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Nathan E. Goldstein; Lewis M. Cohen; Robert M. Arnold; Elizabeth Goy; Stephen Arons; Linda Ganzini (Profiled Author: Linda Ganzini)
Journal of Palliative Medicine. 2012;15(3):334-339.Abstract
Background: Little is known about how often physicians are formally accused of hastening patient deaths while practicing palliative care. Methods: We conducted an Internet-based survey on a random 50% sample of physician-members of a national hospice and palliative medicine society. Results: The final sample consisted of 663 physicians (response rate 53%). Over half of the respondents had had at least one experience in the last 5 years in which a patient's family, another physician, or another health care professional had characterized palliative treatments as being euthanasia, murder, or killing. One in four stated that at least one friend or family member, or a patient had similarly characterized their treatments. Respondents rated palliative sedation and stopping artificial hydration/nutrition as treatments most likely to be misconstrued as euthanasia. Overall, 25 physicians (4%) had been formally investigated for hastening a patient's death when that had not been their intention-13 while using opiates for symptom relief and six for using medications while discontinuing mechanical ventilation. In eight (32%) cases, another member of the health care team had initiated the charges. At the time of the survey, none had been found guilty, but they reported experiencing substantial anger and worry. Conclusions: Commonly used palliative care practices continue to be misconstrued as euthanasia or murder, despite this not being the intention of the treating physician. Further efforts are needed to explain to the health care community and the public that treatments often used to relieve patient suffering at the end of life are ethical and legal. © Copyright 2012, Mary Ann Liebert, Inc. 2012.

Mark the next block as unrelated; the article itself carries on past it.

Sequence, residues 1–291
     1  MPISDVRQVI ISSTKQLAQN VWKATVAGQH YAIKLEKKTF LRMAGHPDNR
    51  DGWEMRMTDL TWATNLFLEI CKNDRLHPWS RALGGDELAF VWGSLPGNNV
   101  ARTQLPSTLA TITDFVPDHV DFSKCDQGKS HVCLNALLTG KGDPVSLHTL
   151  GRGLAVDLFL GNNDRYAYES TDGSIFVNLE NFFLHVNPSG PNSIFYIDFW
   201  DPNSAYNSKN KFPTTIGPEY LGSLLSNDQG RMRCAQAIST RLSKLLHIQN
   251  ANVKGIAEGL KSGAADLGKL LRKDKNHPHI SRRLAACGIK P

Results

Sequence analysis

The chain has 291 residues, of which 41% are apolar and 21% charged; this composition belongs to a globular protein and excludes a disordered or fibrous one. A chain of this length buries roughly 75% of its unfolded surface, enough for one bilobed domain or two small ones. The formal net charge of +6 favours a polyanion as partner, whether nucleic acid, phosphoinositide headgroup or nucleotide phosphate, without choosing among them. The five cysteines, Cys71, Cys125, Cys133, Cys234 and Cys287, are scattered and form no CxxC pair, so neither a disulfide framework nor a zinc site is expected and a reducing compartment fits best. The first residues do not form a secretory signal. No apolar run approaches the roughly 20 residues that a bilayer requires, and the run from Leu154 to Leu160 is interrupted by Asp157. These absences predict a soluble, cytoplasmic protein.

PMID: 22401355 PMCID: PMC3295854
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